Following Washington's lead will only devalue Canada: Global Times editorial
Published: Nov 08, 2022 12:46 AM
Photo: VCG

Photo: VCG

Canadian Broadcasting Corporation (CBC) reported on November 6 that Canada will release a "long-delayed" Indo-Pacific strategy report. According to CBC, it's no accident that Canadian ministers have been travelling to Washington lately to talk about trading more with allies or even decoupling from China. Although the details of the report are not yet clear, CBC has suggested that the strategy as a whole is to "look to Washington" and that Ottawa's views on China are particularly similar to those espoused by US Secretary of State Antony Blinken. If so, it is disappointing and regrettable.

The delay in the release of the strategy report is said to be due in large part to "intense internal debate.''  A source told Canadian media that after the Meng Wanzhou incident, Justin Trudeau had hoped to make effort to repair relations with Beijing and suppress the idea and practice of decoupling from China's economy and trade. Ottawa has shown a tangled and complicated mindset for some time as to whether to put the China strategy into the new Indo-Pacific strategy, or even let this Indo-Pacific strategy "revolve around China" and push Canada to the forefront of US efforts to suppress China.

Washington has shown clear impatience and dissatisfaction with Canada's "silence on the Indo-Pacific strategy." David Cohen, the US ambassador to Canada, said that everyone is waiting for Canada to release its framework for its overall China policy. The American magazine "National Interest" criticized Canada, a "disappointingly meek US ally," for taking a "neutralist strategy" on China. Under the influence of Washington, some Canadian politicians advocated that if allies "lost the confidence," Canada may become a "second-class citizen" in the Five Eyes. Recently, Canada's increasingly negative moves toward China are obviously related to Washington's pressure.

But as an independent sovereign country, Canada should have its own choices. Policymakers in Ottawa should be startled if they scrutinize the recent exclusive revelations from The Wall Street Journal and reflect on it from another angle. The radical politician in Washington, John Bolton, almost single-handedly instigated a violent storm between China and Canada, the impact of which continues to this day. A foreign politician's subjective malice toward China turned into Canada's malicious actions toward China unimpededly. Canada has become an American tool that has lost its self-will, and it has also tasted the taste of "sandwich biscuits."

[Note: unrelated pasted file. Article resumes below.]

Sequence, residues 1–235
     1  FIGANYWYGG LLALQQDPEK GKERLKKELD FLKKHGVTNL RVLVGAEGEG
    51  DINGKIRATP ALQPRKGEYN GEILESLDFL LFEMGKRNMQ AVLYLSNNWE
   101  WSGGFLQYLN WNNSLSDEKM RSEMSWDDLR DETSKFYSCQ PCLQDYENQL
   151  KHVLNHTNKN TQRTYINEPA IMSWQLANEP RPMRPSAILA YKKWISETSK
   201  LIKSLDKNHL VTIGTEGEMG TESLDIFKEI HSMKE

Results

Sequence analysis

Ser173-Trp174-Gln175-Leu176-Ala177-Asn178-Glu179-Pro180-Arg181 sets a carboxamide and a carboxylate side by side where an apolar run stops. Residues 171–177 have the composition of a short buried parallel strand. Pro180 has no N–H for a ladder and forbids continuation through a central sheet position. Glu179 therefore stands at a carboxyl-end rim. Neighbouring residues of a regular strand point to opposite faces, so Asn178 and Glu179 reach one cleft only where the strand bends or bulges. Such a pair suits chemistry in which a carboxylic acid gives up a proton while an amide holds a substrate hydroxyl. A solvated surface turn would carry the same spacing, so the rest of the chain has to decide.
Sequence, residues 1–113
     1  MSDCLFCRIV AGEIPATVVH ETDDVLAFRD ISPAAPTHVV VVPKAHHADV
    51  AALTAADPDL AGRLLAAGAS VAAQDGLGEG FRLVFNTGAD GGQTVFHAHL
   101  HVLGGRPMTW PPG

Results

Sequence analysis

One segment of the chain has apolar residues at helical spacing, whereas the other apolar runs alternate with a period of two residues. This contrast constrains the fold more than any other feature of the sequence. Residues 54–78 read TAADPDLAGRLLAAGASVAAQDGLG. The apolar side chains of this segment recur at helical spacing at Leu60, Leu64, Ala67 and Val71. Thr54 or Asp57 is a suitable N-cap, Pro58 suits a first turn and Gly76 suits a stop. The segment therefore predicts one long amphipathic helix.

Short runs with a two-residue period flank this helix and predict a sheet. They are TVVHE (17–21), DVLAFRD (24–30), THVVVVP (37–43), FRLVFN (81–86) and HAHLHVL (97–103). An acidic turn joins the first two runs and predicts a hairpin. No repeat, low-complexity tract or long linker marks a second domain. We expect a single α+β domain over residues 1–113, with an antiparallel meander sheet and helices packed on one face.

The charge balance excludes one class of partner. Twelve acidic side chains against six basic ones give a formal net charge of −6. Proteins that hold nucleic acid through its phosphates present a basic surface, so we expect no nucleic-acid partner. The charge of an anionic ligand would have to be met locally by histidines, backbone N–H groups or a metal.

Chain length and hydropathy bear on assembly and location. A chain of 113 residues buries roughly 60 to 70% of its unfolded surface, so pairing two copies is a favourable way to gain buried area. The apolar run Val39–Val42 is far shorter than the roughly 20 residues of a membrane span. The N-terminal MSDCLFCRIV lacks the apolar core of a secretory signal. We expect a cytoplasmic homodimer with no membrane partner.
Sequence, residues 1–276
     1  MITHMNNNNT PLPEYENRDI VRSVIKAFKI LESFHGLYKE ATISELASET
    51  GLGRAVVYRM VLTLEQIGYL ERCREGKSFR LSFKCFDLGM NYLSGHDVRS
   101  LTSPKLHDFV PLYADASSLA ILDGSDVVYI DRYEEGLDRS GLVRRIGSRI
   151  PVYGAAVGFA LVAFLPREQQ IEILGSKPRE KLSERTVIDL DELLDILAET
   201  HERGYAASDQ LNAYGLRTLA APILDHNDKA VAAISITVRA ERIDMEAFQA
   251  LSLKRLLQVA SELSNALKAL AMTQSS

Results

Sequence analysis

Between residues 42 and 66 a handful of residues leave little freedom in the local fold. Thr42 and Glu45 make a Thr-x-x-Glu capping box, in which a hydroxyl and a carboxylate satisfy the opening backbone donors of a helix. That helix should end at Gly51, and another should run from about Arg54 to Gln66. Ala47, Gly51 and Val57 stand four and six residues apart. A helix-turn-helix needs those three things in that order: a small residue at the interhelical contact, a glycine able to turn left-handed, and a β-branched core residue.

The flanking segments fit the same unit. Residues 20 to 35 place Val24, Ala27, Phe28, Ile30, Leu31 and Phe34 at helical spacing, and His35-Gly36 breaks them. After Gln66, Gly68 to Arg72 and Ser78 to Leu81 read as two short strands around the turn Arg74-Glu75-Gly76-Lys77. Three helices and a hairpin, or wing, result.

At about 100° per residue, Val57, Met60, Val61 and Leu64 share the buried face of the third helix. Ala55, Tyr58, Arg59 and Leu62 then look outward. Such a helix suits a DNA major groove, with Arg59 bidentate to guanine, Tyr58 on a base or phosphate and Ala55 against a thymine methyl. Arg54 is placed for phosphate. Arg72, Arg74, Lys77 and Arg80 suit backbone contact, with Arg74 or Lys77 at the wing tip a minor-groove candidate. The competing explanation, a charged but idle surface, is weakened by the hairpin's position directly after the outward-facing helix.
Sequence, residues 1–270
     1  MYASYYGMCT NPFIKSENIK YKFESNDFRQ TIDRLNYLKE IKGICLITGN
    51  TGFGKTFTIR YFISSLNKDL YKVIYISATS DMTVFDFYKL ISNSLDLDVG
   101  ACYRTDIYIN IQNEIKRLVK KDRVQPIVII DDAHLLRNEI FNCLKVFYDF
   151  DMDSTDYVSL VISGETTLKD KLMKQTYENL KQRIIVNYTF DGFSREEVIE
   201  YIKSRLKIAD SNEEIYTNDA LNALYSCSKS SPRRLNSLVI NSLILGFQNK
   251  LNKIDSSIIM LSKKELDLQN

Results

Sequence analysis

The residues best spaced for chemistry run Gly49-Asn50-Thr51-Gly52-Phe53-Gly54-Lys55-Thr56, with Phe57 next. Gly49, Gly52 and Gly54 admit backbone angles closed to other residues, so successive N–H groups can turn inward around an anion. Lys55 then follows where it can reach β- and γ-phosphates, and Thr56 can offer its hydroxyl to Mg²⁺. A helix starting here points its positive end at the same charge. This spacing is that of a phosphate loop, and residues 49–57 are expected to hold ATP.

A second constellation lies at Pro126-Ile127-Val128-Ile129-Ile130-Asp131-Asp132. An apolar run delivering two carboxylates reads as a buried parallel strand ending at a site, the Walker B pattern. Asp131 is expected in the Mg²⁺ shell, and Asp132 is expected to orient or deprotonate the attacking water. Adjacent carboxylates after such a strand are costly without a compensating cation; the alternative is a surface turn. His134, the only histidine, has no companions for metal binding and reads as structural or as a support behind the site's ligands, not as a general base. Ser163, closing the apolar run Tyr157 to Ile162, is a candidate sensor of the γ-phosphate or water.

How did such absurdity come about? Shouldn't this kind of "remote control," which is unacceptable to any sovereign country, worthy of Canada's high alert and prompt Canada to adjust and avoid relevant decisions and action mechanisms? However, what people see now is that Canada still "follows Washington's lead" and takes the initiative to put itself in a cog position in the assembly line of Washington's suppression of China. Following this trend, Canada will be in a weaker or even humbler position in front of Washington if it walks in this direction. This is not the result that the vast majority of Canadians want to see.

To a certain extent, we understand Canada's circumstances. As a neighbor of the US, Canada is large but sparsely populated, and is heavily dependent on the US both economically and for security. It can be said that its lifeblood is tightly held in the hands of the US. All along, Washington will not hesitate to pinch Canada when it needs to. But being under pressure from the US is one thing, taking the initiative to cater to the US is another. Canada is not the only country that is coerced by the US in terms of economy and security, but many countries have not voluntarily given up their insistence and pursuit of diplomatic independence. Canada used to strike a balance in the past. It shouldn't choose to "strategically lie down" just because Washington is piling more pressure on it.

Canada is not the 51st state of the US, and has no obligation and should not be willing to be Washington's political tool and vassal. It is certain that if Canada follows the US in its foreign strategy, its value as a sovereign state will be severely depreciated. This "devaluation" is actually already happening. Under the instigation of the US, Canada has recently launched a series of unfriendly actions against China, disrupting normal business cooperation between Chinese and Canadian companies in the name of national security. Carrying out self-destructive pan-national security operations in the mutually beneficial economic and trade field will not only harm Canada's economy but will also further damage Canada's national reputation.

For quite a long time, Canada has played a relatively mild role in international politics. The strategic posturing of keeping a distance from geopolitics and supporting free trade and multilateralism can best reflect Canada's values and safeguard its interests. Once detached from it, Canada will encounter risks and pay a price. We hope Canada can walk away from the shadows of Washington's politicians and make foreign policy based on its own interests. Such strategic policy documents can truly be viewed as "strategic" and welcomed by the international community.